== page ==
A lot of people say a starter is an easy thing to replace. Two bolts and a couple of nuts to hold on the positive and negative wires. I think those people have more practice working on vehicles than me…and more patience…and better tools…
I would like to preface this story by telling you that I am not a patient person. On top of that, I have struggled with claustrophobia for as long as I can remember. These two traits make working on vehicles an even more challenging experience. I am in complete admiration of anyone that can keep their cool while working on something that involves a lot of trying and struggling in cramped places. To get Mander where she is today, I definitely had to work on my patience (hello giant learning curve) and claustrophobia issues (hello plumbing), but unfortunately, I did not conquer them. What I do have, is stubbornness and determination up the wazoo. Those come in handy when dealing with my shortcomings.
Once Buster had put me through his terrifying trouble shooting and deduced that it was most likely a bad starter, I detached the battery cables, located the bolts and got to work loosing the nuts. Mander’s starter is in a really crappy location that makes it hard to access. I got my wrench on the nut that was easiest to get to and pushed with all my might to crack it loose. It wouldn’t budge. I tried and tried to get that nut to spin but I just wasn’t strong enough. I thought, if I could pull the wrench from the top, maybe from that angle I would be stronger. The only problem was that I couldn’t maneuver the tool into place from the top. So I got the wrench on the nut under Mander, wedged a cloth under it so it was braced on the exhaust pipe and went around to the top. From there, I had to reach down VERY carefully and grab the tool without knocking it off the nut, otherwise I would have to crawl right back under there. I managed to grab the tool, keeping it in place, and pulled with all my might. Nothing. I was starting to feel defeated and think that maybe I’m physically not strong enough to do this. But I had to be. There was no one to help me and having it towed to a shop was not an option in my mind. So I start pulling again with all my might, screaming to be as strong as I could be and then, “pop!”. I did it! It broke loose! One down, one to go.
The other nut was in an even tougher location and there was no choice but to access it from underneath Mander. This nut…oh boy….this nut I tell ya. Who knew one nut could contain the power to almost destroy a person. I had the right sized socket but the nut was so closely butted up against something that there was not enough room for the socket to slide over it. I could get my wrench on it but I could only move the wrench a quarter of a turn before I had to take the tool off and reposition it. Like I said before, the starter is in a really crappy location. There is an exhaust pipe running one direction and the tie rod running the other direction creating an X right under it. Because of these obstacles, my wrench could only be repositoned 2 ways. Luckily, I was able to break it loose easier than the one above but boy did I struggle after that. I lay under Mander, with my arms above my head, twisted and tangled in Mander’s guts to reach that nut and move it a quarter of a turn. I hit my head continuously on the tie rod. My arms ached. I would scream in frustration, be pissed and swearing, cry, take deep breaths, pep talk myself and get my tool back on the nut for another quarter of a turn. My claustrophobia and impatience were running high and I was struggling to keep it together.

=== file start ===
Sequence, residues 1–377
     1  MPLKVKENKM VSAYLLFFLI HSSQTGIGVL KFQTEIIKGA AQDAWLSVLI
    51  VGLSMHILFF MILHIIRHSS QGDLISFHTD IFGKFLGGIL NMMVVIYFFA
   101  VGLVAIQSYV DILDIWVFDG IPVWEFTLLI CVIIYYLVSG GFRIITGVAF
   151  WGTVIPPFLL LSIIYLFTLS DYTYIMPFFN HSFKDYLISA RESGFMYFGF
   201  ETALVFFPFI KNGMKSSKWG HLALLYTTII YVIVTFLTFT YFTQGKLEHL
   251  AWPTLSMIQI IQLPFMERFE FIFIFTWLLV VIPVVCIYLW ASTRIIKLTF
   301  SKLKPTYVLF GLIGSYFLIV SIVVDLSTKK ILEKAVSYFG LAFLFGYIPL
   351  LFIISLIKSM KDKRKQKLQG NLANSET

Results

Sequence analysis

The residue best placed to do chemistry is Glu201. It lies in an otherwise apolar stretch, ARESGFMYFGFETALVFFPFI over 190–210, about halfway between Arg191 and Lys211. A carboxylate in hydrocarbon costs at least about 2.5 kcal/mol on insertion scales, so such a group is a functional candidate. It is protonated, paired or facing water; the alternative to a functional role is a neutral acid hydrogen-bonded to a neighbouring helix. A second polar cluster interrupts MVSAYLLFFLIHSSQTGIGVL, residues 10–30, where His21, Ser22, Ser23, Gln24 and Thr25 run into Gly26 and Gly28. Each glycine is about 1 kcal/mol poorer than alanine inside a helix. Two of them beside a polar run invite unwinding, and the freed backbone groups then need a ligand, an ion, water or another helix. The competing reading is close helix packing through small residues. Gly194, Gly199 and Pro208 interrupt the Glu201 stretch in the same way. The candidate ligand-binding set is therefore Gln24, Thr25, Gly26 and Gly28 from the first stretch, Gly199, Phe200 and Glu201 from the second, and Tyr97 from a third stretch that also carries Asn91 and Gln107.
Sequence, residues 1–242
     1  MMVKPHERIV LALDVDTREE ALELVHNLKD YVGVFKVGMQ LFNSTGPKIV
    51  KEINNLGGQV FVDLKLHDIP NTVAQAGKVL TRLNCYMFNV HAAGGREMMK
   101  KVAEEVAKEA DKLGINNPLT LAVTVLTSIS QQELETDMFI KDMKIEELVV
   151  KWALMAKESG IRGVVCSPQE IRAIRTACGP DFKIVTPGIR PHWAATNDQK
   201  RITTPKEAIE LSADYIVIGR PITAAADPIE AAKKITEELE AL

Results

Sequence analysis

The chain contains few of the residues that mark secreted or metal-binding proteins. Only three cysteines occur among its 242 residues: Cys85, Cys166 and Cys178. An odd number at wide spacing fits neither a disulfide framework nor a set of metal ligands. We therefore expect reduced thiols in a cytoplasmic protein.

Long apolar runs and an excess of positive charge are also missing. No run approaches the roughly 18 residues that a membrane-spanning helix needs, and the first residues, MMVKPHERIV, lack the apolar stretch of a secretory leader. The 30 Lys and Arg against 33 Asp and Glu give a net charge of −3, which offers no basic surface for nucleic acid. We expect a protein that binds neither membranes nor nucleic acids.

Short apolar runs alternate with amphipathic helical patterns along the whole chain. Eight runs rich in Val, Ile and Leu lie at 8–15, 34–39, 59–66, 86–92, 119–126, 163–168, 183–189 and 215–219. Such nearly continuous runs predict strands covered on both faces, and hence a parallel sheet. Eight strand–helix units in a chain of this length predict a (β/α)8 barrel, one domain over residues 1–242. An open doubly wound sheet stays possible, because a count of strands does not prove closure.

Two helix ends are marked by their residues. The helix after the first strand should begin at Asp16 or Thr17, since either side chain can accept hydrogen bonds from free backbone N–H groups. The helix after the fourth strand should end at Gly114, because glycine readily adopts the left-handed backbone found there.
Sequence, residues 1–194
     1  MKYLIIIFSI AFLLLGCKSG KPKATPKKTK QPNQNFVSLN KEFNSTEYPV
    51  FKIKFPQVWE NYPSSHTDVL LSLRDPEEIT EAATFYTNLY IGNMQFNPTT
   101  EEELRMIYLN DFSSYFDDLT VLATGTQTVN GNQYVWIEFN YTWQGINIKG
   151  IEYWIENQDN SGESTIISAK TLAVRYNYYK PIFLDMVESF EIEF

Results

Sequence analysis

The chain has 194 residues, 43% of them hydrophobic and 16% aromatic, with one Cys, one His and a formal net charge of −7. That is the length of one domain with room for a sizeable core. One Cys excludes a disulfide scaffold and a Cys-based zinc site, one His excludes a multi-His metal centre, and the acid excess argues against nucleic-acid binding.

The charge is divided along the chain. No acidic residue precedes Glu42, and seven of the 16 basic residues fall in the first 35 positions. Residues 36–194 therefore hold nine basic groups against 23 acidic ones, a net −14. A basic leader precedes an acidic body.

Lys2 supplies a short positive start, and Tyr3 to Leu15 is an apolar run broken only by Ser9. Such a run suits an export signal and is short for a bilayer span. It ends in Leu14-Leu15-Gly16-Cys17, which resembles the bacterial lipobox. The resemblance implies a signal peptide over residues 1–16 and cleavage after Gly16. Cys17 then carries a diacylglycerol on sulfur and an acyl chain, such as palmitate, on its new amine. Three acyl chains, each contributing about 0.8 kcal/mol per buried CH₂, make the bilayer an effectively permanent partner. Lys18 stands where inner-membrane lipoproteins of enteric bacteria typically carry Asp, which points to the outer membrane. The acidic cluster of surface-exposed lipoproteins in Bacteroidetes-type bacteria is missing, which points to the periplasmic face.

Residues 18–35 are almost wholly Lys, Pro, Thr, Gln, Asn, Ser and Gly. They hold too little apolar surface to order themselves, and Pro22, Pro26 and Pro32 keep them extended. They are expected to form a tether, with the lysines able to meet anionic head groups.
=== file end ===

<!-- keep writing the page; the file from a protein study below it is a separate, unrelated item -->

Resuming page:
I swear, it took me damn near an hour to get those nuts off but I finally did it. If that challenge wasn’t hard enough, I now had to figure out how to free the starter from being trapped under that X. Mander’s starter weighs roughly 15 pounds so holding it above my head and maneuvering it around was pretty tough. I started working it towards a gap a couple feet away, hoping it would slide out from there. I twisted and turned it and finally it was free. I lowered it to my chest and just lay there in the dirt and cried. I can’t even say they were tears of joy. I felt totally beat up and right on the cusp of defeat. After I had regained my arm strength, I wiggled my way out from under Mander with my hard won prize.